Wednesday, October 30, 2013

Buddhism and Grief, or Why I Write

A couple of months ago I was giving a workshop based on my first book, Grieving Mindfully. The book is based on the practice of mindfulness and draws heavily from Buddhist teachings and approaches to suffering. It's by no means a "Buddhist" book, and I've come to learn over the years that atheists and churches have all used it with benefit.

One of the participants at this particular workshop shared a story. They were at a teaching being given by a Buddhist lama in the Tibetan tradition. A distraught attendee had recently lost a spouse and asked the lama how they should manage their grief. The response they received in this moment of pain was something to the effect of "your spouse is dead, there's no sense thinking about them. Move on."


Two thoughts came to my mind. The first was a story I recount in the book of a woman whose baby dies. She goes to see the Buddha to ask him to bring the baby back to life and thereby end her grief. The Buddha agrees, on the condition that she brings him a mustard seed from a house death has never visited. She goes all over town, unable to find such a house. With the realization of the universal nature of grief, she takes comfort in meditation, takes refuge with the Buddha and ultimately (according to legend) becomes fully enlightened. This is a very different approach than what this lama said. The Buddha has this woman meet the entire city at their common pressure point-- loss. She must have heard hundreds of stories of loss, been given comfort by others feeling her pain, and comforted others suffering her same pain. Quite different from being told there's no sense in thinking about her baby anymore, or to just get over it.

The second thought I had was a reminder, it's generally a good idea not to ask lamas for advice on relationships, especially marital advice or issues related to grief. They don't participate in family life. The comment the lama made was a reminder of this. It would have been more helpful for the lama to say "look, I have no idea what that kind of pain is like. It sounds absolutely awful. You should ask someone who is trained in this. I can teach you to meditate, maybe that will help."

Thankfully the participant who shared this story was commenting that a mindfulness-based approach to grief, one that trains people to endure the ups and downs of emotional pain, seems much more compassionate than the advice the lama gave. This isn't meant to put down the lama at all, but to point out how diverse Buddhism is and what a wide range of approaches all belief systems have to grief. I've heard variations of the lama story many times over the years. I am glad to contribute a small piece to counter-balance what I think of as an unhelpful attitude towards grief, be it from Buddhism or popular culture-- you suffer for a little while, but then you'd better dust yourself off and move on. It's the same unrealistic and simplistic advice many of my cancer patients get-- think positive and you're as good as cured.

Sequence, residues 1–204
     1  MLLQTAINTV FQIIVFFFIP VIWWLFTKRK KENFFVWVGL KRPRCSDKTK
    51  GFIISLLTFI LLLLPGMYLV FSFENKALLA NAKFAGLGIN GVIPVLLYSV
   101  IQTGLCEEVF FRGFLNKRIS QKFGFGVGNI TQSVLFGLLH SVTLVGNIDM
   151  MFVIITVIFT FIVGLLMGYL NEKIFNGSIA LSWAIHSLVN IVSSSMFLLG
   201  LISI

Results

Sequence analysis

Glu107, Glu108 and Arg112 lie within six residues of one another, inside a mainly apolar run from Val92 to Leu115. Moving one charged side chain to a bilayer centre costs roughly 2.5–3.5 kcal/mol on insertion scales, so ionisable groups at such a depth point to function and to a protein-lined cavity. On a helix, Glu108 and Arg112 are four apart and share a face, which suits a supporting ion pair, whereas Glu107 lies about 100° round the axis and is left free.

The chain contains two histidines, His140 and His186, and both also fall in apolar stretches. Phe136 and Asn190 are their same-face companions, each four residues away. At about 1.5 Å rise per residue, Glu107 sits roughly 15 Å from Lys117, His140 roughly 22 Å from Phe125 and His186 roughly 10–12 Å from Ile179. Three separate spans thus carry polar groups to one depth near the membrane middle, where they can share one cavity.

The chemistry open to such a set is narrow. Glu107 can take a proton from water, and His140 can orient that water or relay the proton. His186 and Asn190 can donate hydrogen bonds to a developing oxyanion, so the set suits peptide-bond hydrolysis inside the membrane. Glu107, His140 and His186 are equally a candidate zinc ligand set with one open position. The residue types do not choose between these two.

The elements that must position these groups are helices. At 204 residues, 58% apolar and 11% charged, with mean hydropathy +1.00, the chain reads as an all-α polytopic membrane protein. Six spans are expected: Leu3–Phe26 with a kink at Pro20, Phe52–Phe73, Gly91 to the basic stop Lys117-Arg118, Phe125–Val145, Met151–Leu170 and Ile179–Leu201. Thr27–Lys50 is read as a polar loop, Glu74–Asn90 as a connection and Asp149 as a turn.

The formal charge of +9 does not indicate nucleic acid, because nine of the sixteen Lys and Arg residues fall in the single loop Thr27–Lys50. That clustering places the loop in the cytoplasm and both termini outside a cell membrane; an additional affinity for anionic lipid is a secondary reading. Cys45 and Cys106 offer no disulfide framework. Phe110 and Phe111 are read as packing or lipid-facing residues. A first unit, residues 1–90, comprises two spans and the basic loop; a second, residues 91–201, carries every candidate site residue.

I wish!

The truth is much, much more complicated. The science tells us that roughly one third of us do seem to dust ourselves off and "move on", whatever that means. The rest of us have a very different experience. For another third of people who experience grief, some very intense emotions show up for a very long time. It's for this population that I write, and this population that needs all the tools they can get. It's not a sign of any weakness or deficiency to suffer for a long time after loss. And not everyone agrees on what "too long" is. I think grief carries a potential that can be harnessed, sometimes deliberately, sometimes by accident. Like the grieving mother who goes to the Buddha, grief can carry us forward into some very, very dark places, but also-- often unexpectedly--become a catalyst for growth.

My new book comes out in a couple of days. I hope it helps steer readers towards that kind of growth.

Wednesday, October 23, 2013

Lessons From Last Week

No one I know died last week.

That's a relief. A week like that hasn't happened since April 2012. For the past 18 months, I've known two or three people every week who've died of cancer. I had known some of them for months, even years. Some I met just before they died.

All of them have touched me deeply. I can only hope that my presence was beneficial to them and their loved ones.

This is part of what I do for a living. I'm a clinical psychologist. My specialty is in working with people who have cancer and their caregivers. Make no mistake, the vast majority of people who have cancer-- an increasing percentage of the population every year-- do very well, and live on for years without the disease. I get to see many of these people put their lives back together or build on the already strong foundations they have spent a lifetime constructing.

I've been doing this for 15 years. I know I've helped a lot of people at some awful times in their lives. Frequently it's been at the worst time of their lives, and we mutually look forward to the day it becomes a distant memory. All too often, we navigate the mystery space between the known and the unknown, as Roshi Joan Halifax so eloquently puts it, the slippery transition between living and dying.  This means illuminating the bureaucratic and spiritual paths that carry all of us away from this life.